Windows XP and Windows 7 users: Start your computer in Safe Mode. Click Start, click Shut Down, click Restart, click OK. During your computer start process, press the F8 key on your keyboard multiple times until you see the Windows Advanced Option menu, and then select Safe Mode with Networking from the list.
Video showing how to start Windows 7 in "Safe Mode with Networking":
Windows 8 users: Start Windows 8 is Safe Mode with Networking - Go to Windows 8 Start Screen, type Advanced, in the search results select Settings. Click Advanced startup options, in the opened "General PC Settings" window, select Advanced startup. Click the "Restart now" button. Your computer will now restart into the "Advanced Startup options menu". Click the "Troubleshoot" button, and then click the "Advanced options" button. In the advanced option screen, click "Startup settings". Click the "Restart" button. Your PC will restart into the Startup Settings screen. Press F5 to boot in Safe Mode with Networking.
Video showing how to start Windows 8 in "Safe Mode with Networking":
Windows 10 users: Click the Windows logo and select the Power icon. In the opened menu click "Restart" while holding "Shift" button on your keyboard. In the "choose an option" window click on the "Troubleshoot", next select "Advanced options". In the advanced options menu select "Startup Settings" and click on the "Restart" button. In the following window you should click the "F5" button on your keyboard. This will restart your operating system in safe mode with networking.
Video showing how to start Windows 10 in "Safe Mode with Networking":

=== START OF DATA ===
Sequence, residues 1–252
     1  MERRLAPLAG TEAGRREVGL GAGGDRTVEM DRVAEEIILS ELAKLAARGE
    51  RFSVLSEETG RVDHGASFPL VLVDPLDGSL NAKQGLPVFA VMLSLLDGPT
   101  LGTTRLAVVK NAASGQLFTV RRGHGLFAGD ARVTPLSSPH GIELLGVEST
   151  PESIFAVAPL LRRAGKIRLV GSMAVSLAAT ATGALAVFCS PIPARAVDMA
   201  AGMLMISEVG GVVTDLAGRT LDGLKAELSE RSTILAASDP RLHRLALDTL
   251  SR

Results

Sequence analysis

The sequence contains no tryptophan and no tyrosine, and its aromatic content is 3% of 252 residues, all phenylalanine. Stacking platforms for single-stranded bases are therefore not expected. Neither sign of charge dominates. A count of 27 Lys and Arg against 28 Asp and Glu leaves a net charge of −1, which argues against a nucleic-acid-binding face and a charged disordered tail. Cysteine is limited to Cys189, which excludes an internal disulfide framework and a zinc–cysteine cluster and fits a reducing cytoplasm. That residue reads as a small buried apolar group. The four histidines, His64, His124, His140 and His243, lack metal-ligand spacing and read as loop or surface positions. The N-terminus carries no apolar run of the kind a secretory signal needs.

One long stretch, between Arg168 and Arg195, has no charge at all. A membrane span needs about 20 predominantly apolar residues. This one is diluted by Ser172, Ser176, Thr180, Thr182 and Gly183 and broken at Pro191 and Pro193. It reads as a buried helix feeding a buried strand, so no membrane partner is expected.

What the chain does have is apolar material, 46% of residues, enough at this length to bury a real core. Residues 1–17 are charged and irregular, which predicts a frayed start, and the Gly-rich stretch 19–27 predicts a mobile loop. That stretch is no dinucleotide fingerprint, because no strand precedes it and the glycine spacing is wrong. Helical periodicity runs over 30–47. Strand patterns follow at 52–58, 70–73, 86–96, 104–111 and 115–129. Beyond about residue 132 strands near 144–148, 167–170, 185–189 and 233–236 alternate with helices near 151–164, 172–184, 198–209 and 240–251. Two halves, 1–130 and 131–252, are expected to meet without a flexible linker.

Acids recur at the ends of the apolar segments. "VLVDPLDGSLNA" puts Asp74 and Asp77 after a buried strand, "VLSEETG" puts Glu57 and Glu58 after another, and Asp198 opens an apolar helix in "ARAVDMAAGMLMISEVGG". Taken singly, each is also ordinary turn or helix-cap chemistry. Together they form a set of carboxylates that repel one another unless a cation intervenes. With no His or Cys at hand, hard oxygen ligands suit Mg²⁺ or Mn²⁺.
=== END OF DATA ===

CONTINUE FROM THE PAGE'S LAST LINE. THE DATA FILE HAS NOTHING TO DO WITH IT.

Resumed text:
Extract the downloaded archive and run the Autoruns.exe file.
In the Autoruns application, click "Options" at the top and uncheck "Hide Empty Locations" and "Hide Windows Entries" options. After this procedure, click the "Refresh" icon.
Check the list provided by the Autoruns application and locate the malware file that you want to eliminate.
You should write down its full path and name. Note that some malware hides process names under legitimate Windows process names. At this stage, it is very important to avoid removing system files. After you locate the suspicious program you wish to remove, right click your mouse over its name and choose "Delete".
After removing the malware through the Autoruns application (this ensures that the malware will not run automatically on the next system startup), you should search for the malware name on your computer. Be sure to enable hidden files and folders before proceeding. If you find the filename of the malware, be sure to remove it.
Reboot your computer in normal mode. Following these steps should remove any malware from your computer. Note that manual threat removal requires advanced computer skills. If you do not have these skills, leave malware removal to antivirus and anti-malware programs. These steps might not work with advanced malware infections. As always it is best to prevent infection than try to remove malware later. To keep your computer safe, install the latest operating system updates and use antivirus software.
To be sure your computer is free of malware infections, we recommend scanning it with Malwarebytes for Windows.